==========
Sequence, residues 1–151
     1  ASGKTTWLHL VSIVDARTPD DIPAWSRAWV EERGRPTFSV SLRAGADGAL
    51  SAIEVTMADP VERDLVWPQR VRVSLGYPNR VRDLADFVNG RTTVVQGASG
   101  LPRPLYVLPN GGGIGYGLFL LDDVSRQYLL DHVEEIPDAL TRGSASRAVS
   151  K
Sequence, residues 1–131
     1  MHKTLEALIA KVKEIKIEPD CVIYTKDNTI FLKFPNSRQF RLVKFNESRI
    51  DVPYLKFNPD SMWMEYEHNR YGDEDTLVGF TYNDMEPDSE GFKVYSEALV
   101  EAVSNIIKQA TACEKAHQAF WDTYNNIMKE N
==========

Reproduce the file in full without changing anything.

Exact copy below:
Sequence, residues 1–151
     1  ASGKTTWLHL VSIVDARTPD DIPAWSRAWV EERGRPTFSV SLRAGADGAL
    51  SAIEVTMADP VERDLVWPQR VRVSLGYPNR VRDLADFVNG RTTVVQGASG
   101  LPRPLYVLPN GGGIGYGLFL LDDVSRQYLL DHVEEIPDAL TRGSASRAVS
   151  K
Sequence, residues 1–131
     1  MHKTLEALIA KVKEIKIEPD CVIYTKDNTI FLKFPNSRQF RLVKFNESRI
    51  DVPYLKFNPD SMWMEYEHNR YGDEDTLVGF TYNDMEPDSE GFKVYSEALV
   101  EAVSNIIKQA TACEKAHQAF WDTYNNIMKE N